What if your child is clumsy?

by on August 5, 2011

in Monthly

Coordination Disorder

Q: My son appears to be very clumsy. He struggles to get dressed after gym class. Some teachers have called him “lazy”. What can we do to help him, because we are concerned about his self-esteem?

A: The diagnosis of a Developmental Coordination Disorder (DCD) should be considered. This is a condition which was probably under-diagnosed in the past. The longer these children struggle along without the proper therapy, the more at risk they become for having lower self-esteem and academic struggles.

It affects 5-6% of the school aged population and boys are affected more often than girls by a factor of 2 to 1. Some experts in the field estimate an even higher ratio in boys (a factor of 5:1)

These children struggle to integrate all the necessary sensory information that will allow them to perform common motor skills. They appear to be awkward at common activities such as: doing up buttons, getting dressed, tying shoelaces, and using a knife and fork. Using a scissors can be frustrating—especially when their peers in preschool have no trouble assembling crafts.

They may drop things easily, bump into objects, knock things over, spill liquids regularly, struggle to maintain balance  and  have troubles with their handwriting—to the point where it impacts their academic progress severely enough that they fall behind, even when their IO’s are above average.

Athletically they may find it hard to skip, jump, or keep up with other kids. Baseball, tennis and handling a hockey stick may be particularly difficult (Any activity that requires good eye-hand coordination can prove to be challenging)

 A thorough neurological exam will show that there is no serious situation such as cerebral palsy, stroke or muscular dystrophy. There may or may not be a history of delayed walking, crawling or sitting when the doctor enquires about past motor milestones. Some children with DCD may also have associated conditions such as Attention Deficit and Hyperactivity Disorder, Learning Disabilities and speech delays. The majority have a normal or above normal IQ.

The exact cause of DCD remains uncertain. McMaster Medical School has an excellent website (www.canchild.ca) where more information can be found about possible causes.  

In the Pediatric Weight Clinic in Calgary a number of obese patients have this condition. Currently some of these children are being studied in terms of how their clumsiness impacts their physical activity and emotional development (for more information call 403.547-8992 or visit www.pediatricweighclinic.com)

It is ideal to make the diagnosis of DCD early in life, in order to teach patients ways to compensate for their coordination challenges. Sadly, too many kids have been falsely accused of being lazy or unmotivated. Parents and teachers may also be critical of them if they refuse to play with peers on playgrounds, seek out younger friends, or become withdrawn or shy as a result of getting frustrated by constantly failing. They may also be at a higher risk of getting teased, bullied and rejected in activities that require team efforts.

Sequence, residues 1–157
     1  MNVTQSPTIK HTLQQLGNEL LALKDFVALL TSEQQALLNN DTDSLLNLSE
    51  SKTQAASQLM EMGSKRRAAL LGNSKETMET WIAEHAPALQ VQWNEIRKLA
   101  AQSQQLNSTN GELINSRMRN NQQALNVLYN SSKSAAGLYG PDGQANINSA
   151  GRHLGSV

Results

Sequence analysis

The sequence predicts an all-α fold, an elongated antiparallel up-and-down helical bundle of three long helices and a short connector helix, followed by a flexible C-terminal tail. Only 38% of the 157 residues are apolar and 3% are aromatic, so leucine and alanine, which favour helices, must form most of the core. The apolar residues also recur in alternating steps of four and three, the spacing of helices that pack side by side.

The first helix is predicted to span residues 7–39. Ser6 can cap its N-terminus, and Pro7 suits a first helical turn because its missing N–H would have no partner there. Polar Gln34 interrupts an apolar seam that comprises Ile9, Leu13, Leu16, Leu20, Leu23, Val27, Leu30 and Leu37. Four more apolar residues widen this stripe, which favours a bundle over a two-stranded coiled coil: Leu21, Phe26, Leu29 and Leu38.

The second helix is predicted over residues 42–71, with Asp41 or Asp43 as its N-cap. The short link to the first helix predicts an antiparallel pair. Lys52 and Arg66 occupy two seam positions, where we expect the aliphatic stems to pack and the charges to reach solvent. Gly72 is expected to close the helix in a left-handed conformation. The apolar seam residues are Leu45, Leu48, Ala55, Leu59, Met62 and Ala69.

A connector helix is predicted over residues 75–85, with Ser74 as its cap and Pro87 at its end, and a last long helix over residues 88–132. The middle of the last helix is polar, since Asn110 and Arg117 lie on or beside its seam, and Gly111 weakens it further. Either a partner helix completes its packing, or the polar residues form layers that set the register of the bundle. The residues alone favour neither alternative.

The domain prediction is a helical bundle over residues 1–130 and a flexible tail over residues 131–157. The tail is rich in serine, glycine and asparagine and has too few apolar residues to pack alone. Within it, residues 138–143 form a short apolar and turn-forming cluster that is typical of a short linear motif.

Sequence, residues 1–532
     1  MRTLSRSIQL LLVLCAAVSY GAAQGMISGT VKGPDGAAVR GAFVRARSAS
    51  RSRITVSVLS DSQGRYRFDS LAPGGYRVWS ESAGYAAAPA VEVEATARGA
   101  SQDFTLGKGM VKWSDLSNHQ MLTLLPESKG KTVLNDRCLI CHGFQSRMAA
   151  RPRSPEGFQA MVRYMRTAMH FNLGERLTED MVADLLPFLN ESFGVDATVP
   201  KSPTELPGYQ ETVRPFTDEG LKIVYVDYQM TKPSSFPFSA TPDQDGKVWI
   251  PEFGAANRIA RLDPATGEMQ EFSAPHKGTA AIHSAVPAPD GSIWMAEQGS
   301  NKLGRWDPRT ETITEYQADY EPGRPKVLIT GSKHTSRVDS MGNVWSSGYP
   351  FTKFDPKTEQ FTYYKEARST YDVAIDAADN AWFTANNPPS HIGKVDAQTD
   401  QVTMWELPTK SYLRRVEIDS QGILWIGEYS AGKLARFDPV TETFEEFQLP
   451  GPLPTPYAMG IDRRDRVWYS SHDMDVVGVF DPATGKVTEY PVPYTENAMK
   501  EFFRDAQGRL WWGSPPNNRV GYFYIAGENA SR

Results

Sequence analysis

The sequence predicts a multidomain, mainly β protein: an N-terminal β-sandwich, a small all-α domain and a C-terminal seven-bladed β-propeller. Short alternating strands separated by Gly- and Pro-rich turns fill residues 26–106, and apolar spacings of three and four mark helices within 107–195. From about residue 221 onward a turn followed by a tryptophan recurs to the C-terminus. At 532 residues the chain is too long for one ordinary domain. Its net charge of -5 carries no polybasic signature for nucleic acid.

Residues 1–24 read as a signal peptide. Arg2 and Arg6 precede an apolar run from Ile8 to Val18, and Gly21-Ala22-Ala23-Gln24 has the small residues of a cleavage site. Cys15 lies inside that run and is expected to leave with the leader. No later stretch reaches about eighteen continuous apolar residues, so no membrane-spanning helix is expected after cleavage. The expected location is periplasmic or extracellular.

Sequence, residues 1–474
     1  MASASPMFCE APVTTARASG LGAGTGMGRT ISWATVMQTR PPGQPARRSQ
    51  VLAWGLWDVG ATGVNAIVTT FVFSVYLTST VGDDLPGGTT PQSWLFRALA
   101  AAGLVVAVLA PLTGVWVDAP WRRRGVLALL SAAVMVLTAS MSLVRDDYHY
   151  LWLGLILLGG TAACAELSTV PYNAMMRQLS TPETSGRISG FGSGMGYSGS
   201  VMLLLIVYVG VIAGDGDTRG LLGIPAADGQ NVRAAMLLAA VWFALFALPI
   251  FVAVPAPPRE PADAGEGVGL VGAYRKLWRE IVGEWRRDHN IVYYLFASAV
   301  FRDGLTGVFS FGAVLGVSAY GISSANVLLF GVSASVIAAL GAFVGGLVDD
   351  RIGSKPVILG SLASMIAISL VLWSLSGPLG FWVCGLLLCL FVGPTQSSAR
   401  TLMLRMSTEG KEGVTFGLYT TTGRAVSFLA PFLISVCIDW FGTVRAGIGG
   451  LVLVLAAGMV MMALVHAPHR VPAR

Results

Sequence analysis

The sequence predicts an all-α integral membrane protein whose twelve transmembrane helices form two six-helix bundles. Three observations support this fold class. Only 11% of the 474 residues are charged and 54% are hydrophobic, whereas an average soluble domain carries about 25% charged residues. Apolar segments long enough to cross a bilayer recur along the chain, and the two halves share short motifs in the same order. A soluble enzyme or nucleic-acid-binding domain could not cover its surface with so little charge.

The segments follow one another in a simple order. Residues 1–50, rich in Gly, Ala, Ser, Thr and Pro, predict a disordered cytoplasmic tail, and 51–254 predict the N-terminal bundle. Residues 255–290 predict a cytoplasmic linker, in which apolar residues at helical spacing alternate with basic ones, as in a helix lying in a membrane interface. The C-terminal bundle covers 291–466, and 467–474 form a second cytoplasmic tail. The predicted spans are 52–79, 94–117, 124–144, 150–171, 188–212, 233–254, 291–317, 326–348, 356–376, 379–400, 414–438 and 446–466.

An occupational therapist (OT) and a psychologist can help these families the most. An OT can teach the child motor skills that may compensate for his or her lack of coordination. (For an in-depth explanation of all the various intervention see  Individual sports such as running or swimming may help the child do better, as opposed to baseball and tennis. In the gym class the teacher should help the child by breaking down activities in smaller parts; effort should be rewarded—not skill; larger balls should be used when the child plays catch; changes should be introduced gradually; participation as opposed to competition should be encouraged; and equipment may need to be modified in order to decrease the risk of injury

In the classroom proper positioning for table work should be ensured. Extra time may be needed to complete tasks; computers may help circumvent handwriting and printing challenges; messy handwriting may have to be tolerated; widely spaced lines for writing can be used; a child may be allowed to present a report orally—as opposed to writing; drawing can be used to illustrate thoughts and in some cases the child should be allowed to dictate stories or book reports.

Parents may want to use clothing that is easy get on and off. Velcro shoes may be used instead of shoes with laces. The child should be encouraged to engage in practical activities that will help to improve motor tasks—such as setting a table, packing a lunch or organizing a knapsack.

DCD is a condition that is not outgrown. However with constant support, encouragement and training by an OT many of these children grow up, learn to compensate and become famous. The actor in Harry Potter movies, Daniel Radcliffe, is a living example of how having DCD may not doom a child to failure.

Comments on this entry are closed.

Previous post:

Next post: